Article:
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Pictures of You: Steven Spuds, on living with peripheral neuropathy.

doi: 10.1097/01.NNN.0000392643.55455.7b

A photo series of Neurology Now readers by Annie Levy

For more on peripheral neuropathy, go to To see more of Annie Levy's photography, go to



Steven Spuds, age 55.

When were you diagnosed with peripheral neuropathy? After a year of different doctors and hundreds of tests, I was diagnosed with chronic inflammatory demyelinating polyneuropathy in 2005. I thought, “Good, let's fix it so that I can move on with my life!” But, I came to realize there is no “fixing” it. And with that came the depression, frustration, and isolation of being afflicted with an invisible but painful disease that limits my mobility. I promised myself, “I will beat this disease.” Well, I'm guilty of being somewhat of a politician, because I haven't been able to keep my promises.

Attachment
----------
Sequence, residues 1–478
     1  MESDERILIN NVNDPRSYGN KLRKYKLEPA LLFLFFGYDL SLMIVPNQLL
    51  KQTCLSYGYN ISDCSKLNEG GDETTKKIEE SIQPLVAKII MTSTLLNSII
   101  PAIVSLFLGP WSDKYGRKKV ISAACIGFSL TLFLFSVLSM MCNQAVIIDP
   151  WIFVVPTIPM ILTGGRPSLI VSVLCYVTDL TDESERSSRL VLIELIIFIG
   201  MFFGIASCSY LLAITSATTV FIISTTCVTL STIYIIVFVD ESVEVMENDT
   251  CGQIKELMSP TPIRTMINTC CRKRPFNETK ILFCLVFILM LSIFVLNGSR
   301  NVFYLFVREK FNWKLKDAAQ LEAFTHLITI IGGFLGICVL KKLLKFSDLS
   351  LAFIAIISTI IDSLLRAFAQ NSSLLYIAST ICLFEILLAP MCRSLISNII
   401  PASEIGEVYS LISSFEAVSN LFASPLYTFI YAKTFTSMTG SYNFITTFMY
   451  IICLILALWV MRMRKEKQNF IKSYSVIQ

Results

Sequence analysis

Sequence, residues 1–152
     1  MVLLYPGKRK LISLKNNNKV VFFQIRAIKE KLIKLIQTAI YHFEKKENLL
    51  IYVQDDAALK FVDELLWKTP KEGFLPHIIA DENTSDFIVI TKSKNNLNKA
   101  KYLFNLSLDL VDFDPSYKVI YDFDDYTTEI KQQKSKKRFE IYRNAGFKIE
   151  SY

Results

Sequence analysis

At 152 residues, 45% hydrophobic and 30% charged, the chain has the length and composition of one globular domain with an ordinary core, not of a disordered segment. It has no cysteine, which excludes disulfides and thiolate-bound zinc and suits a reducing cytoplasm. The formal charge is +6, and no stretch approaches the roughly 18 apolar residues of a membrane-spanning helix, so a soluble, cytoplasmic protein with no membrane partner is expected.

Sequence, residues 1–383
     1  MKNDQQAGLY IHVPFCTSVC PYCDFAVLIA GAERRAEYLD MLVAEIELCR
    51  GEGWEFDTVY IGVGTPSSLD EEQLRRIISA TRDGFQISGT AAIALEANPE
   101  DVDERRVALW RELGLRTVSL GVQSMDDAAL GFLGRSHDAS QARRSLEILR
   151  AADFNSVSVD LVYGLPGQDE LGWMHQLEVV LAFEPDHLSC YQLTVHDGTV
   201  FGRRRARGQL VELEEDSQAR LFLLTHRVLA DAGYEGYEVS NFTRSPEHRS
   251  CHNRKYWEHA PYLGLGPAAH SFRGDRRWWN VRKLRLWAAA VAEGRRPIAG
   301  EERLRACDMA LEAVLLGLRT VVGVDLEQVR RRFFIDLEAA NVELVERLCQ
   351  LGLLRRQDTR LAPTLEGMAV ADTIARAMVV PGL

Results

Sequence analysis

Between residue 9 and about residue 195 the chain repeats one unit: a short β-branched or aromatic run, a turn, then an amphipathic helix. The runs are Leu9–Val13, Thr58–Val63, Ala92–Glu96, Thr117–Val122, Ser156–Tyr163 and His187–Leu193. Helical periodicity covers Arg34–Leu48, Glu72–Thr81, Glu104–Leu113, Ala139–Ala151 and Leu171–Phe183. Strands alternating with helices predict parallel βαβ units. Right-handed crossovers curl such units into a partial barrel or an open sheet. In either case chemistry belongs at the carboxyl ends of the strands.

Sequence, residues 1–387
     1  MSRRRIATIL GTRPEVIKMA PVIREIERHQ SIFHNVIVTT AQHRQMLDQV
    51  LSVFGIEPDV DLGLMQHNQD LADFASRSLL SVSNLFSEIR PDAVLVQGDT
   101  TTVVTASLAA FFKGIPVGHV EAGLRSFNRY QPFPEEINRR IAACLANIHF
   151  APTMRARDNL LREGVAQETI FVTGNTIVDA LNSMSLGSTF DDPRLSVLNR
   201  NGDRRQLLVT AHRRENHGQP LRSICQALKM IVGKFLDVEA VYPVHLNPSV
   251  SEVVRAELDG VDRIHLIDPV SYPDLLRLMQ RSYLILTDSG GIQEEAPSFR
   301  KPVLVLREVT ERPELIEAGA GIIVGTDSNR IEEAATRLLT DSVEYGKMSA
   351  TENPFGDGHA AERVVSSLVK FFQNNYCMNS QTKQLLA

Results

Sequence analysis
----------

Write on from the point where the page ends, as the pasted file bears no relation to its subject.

How do you manage your condition? I have learned to live with it. I've found many different assistive devices to help get me through, and my knowledge of the disease has helped me to educate others. Four years ago, I teamed up with the Neuropathy Association ( in starting a support group in New York City. I have found strength by helping other people with peripheral neuropathy—and from knowing that I'm not alone. In fact, there are over 20 million of us.

©2010 American Academy of Neurology